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Synopsys CEO sees delays in 32-/28-nm era

Posted: 19 Jan 2009     Print Version  Bookmark and Share

Keywords:32-/28nm processes  IC design  process technology 

IC designs based on 32-/28nm processes could be delayed by economic factors, leaving the industry get on that technology for some time, according to Synopsys chairman and CEO Aart de Geus.

For years, leading-edge process technology has followed a two-year cycle. But based on the current inputs of tape-out activity, the 32-/28nm era could be delayed "one or two quarters," said de Geus said.

Those nodes represent a "resting point" for the IC industry, he said during a presentation at the Industry Strategy Symposium (ISS). This implies that the two-year process technology cycle could slow down, and, in effect, the 22nm era would get pushed out.

"Delay is not the right word," he said during a question and answer session. "The curve will simply slow down by a couple of quarters."

For some time, many have feared that the two-year process cycle will slow, thanks to soaring design and chip-production costs. The vast majority of chipmakers could also step on the process technology brakes amid the current and deep downturn.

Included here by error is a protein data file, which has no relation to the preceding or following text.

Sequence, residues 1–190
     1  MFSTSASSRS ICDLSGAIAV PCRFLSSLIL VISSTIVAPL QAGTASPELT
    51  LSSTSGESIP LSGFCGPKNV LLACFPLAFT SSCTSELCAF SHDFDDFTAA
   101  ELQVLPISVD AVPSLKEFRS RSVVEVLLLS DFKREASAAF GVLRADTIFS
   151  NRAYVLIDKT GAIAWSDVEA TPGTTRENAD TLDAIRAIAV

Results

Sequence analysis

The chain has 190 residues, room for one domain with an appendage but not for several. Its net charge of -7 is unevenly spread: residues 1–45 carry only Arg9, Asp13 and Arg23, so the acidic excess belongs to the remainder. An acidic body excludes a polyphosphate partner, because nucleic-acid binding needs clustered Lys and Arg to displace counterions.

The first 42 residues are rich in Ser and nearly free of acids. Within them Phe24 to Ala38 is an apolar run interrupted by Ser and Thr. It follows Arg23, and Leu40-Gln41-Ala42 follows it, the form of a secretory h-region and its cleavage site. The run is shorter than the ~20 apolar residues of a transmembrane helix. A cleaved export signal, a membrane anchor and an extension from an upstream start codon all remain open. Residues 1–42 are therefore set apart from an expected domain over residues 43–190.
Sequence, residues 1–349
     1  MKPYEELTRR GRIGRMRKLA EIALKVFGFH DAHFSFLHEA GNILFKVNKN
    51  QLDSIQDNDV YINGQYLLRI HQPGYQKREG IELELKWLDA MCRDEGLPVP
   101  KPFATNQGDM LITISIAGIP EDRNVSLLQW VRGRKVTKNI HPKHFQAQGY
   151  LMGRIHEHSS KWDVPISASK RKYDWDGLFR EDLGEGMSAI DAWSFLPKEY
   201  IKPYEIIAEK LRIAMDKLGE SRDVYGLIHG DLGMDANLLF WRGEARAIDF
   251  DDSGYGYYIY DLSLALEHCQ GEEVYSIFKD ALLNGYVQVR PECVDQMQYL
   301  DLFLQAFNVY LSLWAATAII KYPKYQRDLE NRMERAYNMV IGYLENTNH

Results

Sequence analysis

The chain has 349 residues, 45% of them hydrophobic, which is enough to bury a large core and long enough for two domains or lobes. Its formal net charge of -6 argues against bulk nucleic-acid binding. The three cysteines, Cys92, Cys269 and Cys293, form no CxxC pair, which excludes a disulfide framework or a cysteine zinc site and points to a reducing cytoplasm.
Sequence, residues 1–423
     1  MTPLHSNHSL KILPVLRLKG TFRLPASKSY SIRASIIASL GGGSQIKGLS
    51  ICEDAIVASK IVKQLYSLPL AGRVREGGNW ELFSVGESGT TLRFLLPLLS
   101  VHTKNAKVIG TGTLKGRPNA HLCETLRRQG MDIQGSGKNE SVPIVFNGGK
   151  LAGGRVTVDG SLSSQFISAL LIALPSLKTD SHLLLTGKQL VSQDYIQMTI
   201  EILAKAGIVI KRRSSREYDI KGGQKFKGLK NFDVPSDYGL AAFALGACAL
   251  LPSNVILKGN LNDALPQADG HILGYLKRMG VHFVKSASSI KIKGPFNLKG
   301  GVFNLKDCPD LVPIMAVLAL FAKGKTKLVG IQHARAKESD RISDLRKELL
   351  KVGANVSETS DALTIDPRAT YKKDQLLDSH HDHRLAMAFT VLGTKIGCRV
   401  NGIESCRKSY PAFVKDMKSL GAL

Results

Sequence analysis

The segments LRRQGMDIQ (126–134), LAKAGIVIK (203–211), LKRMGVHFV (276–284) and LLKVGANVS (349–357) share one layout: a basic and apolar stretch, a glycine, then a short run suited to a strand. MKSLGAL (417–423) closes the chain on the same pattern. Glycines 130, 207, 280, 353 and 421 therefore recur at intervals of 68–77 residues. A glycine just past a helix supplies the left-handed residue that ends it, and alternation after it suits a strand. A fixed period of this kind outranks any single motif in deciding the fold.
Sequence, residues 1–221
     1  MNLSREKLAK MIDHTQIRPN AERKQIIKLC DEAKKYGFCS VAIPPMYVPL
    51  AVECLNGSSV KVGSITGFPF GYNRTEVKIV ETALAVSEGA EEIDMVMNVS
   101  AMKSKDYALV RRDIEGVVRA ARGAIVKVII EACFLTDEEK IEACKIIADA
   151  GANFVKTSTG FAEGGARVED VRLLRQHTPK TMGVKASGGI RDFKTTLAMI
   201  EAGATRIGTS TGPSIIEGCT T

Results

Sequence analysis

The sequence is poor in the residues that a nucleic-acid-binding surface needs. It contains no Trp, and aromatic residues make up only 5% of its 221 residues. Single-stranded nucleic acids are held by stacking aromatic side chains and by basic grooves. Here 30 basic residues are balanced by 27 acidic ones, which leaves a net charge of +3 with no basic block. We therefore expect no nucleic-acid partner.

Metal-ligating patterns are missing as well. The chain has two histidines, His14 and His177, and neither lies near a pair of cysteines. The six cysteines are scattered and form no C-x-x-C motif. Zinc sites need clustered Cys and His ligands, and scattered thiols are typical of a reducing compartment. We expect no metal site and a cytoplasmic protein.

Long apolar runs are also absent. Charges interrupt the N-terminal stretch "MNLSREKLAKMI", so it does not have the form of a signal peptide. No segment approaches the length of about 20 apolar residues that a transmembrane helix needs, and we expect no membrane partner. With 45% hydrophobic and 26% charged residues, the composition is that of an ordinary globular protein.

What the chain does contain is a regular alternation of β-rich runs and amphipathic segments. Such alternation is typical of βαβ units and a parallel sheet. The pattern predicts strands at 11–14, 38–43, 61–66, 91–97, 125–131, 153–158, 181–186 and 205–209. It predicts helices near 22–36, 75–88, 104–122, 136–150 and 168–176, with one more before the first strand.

Shrink away
There are no plans to slow down at two chipmakers: Intel Corp. and Qualcomm Inc. "Intel is committed to

the two-year cadence," said Steve Johnston, director of supplier technology integration for the technology manufacturing and engineering group at Intel Corp., during a presentation at ISS.

"I'm driving like a freight train to 28nm," said Jim Clifford, senior VP and general manager of Qualcomm CDMA Technologies, at ISS.

At present, Qualcomm is in initial production of an undisclosed 45nm device. But like most cell phone chipmakers, the company is attempting to squeeze more functions on the IC. The 45nm cell phone devices "are too big," prompting the need for next-generation processes like 28nm, he said.

While the die shrink makes sense, Clifford questions whether the shift towards 28nm technology will provide the traditional cost-reduction benefits. For years, the shift towards the next process provides a 29 per cent cost reduction.

Will 28nm provide the same benefit? "I don't know," said Clifford, who also questions whether the 28nm process rolls out among the foundries will be on time. "Is it really going to be Q2 2010?"

Fabless Qualcomm uses several foundries, including Taiwan Semiconductor Manufacturing Co. Ltd, IBM's fab club and others. On the foundry side, silicon foundry giant TSMC late last year moved its 40nm process into volume production.

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